Like the Mega, the Ultra tablet has NFC technology integrated into it. This allows the Phablet to directly print with Samsung’s NFC-equipped printer by just tapping it or exchange data between slates by bumping them together.
The Ultra has a pair of cameras, front and back. The 8-megapixel front cam is paired with a 2-megapixel one in the back. It has been generously outfitted with 2GB of RAM and up to 16GB of storage space. This can be augmented by using a 32GB microSD card.
In addition to the device’s expected WiFi and Bluetooth abilities, the Ultra can be ordered with a 4G data modem for access-anywhere data. On the downside, it costs roughly $600, about the price of two iPad Minis.
If your students are spending too much time flipping music pages and too little time thinking about playing their instrument, Tonara might have the answer. The free software runs on an iPad, monitors the music being played and shows where the student is on the screen. The app then turns to the next page when necessary. Sheet music can be scanned to Tonara’s format or purchased online for a dollar or two and the app has both a visual or well as an auditory metronome.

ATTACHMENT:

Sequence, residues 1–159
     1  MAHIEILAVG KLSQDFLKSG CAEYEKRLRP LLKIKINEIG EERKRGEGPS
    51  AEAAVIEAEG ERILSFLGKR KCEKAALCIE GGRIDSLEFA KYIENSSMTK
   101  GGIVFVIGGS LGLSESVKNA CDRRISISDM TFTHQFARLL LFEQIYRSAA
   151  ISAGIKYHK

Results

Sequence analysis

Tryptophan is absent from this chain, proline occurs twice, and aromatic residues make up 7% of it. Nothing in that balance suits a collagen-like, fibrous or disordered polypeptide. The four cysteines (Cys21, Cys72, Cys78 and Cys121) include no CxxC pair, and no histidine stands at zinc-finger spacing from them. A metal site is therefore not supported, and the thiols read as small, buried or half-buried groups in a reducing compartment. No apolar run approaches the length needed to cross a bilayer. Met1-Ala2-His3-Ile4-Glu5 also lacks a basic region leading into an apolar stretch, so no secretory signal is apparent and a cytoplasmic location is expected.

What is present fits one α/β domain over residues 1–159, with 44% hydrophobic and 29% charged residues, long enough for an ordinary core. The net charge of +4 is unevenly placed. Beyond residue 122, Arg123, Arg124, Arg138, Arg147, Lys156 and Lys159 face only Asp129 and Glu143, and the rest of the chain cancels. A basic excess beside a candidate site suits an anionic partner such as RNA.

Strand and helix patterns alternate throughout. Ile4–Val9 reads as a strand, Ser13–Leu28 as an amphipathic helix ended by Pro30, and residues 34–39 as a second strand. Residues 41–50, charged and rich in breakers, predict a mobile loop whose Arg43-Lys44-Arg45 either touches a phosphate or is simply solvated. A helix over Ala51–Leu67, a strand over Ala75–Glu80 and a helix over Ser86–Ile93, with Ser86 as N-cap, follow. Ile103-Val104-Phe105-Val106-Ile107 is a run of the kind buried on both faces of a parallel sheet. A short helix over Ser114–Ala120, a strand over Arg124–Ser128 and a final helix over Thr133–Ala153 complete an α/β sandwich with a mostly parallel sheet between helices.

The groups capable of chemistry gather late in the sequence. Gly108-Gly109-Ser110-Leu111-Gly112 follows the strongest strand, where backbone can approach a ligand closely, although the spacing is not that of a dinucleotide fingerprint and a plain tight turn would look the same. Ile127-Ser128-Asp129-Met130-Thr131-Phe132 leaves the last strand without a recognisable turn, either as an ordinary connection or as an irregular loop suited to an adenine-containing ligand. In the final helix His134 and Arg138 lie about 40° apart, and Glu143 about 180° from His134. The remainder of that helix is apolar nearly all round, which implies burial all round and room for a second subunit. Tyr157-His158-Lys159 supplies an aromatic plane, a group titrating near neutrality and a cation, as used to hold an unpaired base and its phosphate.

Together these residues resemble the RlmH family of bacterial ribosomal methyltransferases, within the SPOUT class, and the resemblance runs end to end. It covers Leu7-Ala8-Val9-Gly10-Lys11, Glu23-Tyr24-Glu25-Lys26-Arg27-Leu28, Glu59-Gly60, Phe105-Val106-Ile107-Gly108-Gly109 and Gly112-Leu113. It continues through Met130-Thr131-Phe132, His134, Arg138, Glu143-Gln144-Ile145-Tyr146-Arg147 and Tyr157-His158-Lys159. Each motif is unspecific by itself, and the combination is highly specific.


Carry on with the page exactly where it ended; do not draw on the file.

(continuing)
The next time you want to film a field trip, assembly or Fall concert, Sony’s Action Cam HDR-AS30V can not only do it in stunning HD resolution, but can add GPS location data. It’s the right teaching tools for a geology collecting trip or a visit to a Revolutionary War battle site. The camera weighs 2-ounces, yet has Near Field Communications and WiFi built-in and comes with video editing software. The Action Cam is rugged, has an optional clear case and a variety of ways to mount it.
Why have kids play with educational games made by others when they can make ones for themselves. Adventure Maker 4.7 can not only run on the latest computers, but is an easy to learn programming environment for making games for Windows, iPads and even Sony PSP handheld gaming machines. In addition to establishing hot spots and display messages, the software can set up timers and play animated sequences. The basic system can be downloaded and used for free.